Snakes on a plain

In rare scientific advance, new snake family identified in Israel

Family Micrelapidae has only three species, one in region of Israel and two in East Africa; reptiles believed to have slithered off the snake evolutionary tree 50 million years ago

A Micrelaps snake. (David David/Tel Aviv University)
A Micrelaps snake. (David David/Tel Aviv University)

A new family of snakes has been identified, including members that live only in the region of Israel, in what researchers hailed as a rare development in modern science, Tel Aviv University said in a statement Thursday.

The family Micrelapidae was identified by an international study of researchers from Finland, the US, Belgium, Madagascar, Hong Kong and Israel that included Prof. Shai Meiri of TAU’s School of Zoology. The team published a January paper on the discovery in the journal Molecular Phylogenetics and Evolution.

“As far as we know, the new family includes only three species, one in Israel and neighboring countries, and two in East Africa,” the statement said.

According to the researchers, Micrelaps snakes diverged from the rest of the evolutionary tree of snakes about 50 million years ago. Since then, they have evolved independently, as a distinct and separate family.

“Since most animals have already been classified into well-defined families, such a discovery of a new family is quite a rare occurrence in modern science,” said Meiri.

“Today we tend to assume that most large groups of animals, such as families, are already known to science, but sometimes we still encounter surprises, and this is what happened with Micrelapid snakes,” he said.

Prof. Shai Meiri of Tel Aviv University’s School of Zoology, Wise Faculty of Life Sciences and The Steinhardt Museum of Natural History. (The Steinhardt Museum of Natural History, Tel Aviv University)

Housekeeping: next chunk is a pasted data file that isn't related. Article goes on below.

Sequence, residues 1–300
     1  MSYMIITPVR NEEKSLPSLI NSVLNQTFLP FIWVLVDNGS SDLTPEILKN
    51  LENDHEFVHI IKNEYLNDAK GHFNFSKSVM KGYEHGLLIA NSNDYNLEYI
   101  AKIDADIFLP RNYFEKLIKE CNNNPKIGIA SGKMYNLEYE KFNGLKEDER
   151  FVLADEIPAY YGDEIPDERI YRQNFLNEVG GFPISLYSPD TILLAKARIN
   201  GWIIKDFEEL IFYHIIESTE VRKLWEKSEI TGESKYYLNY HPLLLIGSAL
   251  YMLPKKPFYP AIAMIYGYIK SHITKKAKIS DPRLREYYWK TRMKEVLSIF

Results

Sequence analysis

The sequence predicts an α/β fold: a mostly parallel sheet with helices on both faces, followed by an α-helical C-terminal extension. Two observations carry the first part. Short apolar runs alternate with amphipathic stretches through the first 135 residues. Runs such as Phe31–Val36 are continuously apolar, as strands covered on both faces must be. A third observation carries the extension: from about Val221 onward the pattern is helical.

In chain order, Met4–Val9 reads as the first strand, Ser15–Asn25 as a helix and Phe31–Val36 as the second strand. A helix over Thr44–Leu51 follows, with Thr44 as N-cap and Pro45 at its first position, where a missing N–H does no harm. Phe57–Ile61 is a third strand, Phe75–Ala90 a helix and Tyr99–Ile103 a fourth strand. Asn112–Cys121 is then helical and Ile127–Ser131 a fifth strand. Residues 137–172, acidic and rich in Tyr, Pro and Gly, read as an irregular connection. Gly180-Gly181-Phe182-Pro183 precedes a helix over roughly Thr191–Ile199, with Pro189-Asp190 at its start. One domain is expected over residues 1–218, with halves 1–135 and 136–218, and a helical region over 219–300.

The snake is small and usually features black and yellow rings around its body.

Micrelaps were for years considered part of the largest snake family, the Colubridae, “but multiple DNA tests conducted over the last decade contradicted this classification,” Meiri said in the TAU statement.

Efforts to discover which family the snakes belonged to failed to identify a likely candidate.

Using special high-resolution magnetic imaging, known as micro-CT, the researchers examined the snake’s morphology and in particular its skull. In addition, deep genomic sequencing was applied to regions of the reptile’s DNA that take millions of years to show a change. DNA was also compared to other snake families that Micrelaps might belong to.

“In this way, we discovered in Micrelaps some unique genomic elements, which were not found in any of the other groups,” Meiri said.

The local species are found in Israel as well as northern Jordan, the Palestinian Authority, southern Syria and southern Lebanon, and the African species are seen in Kenya and Tanzania.

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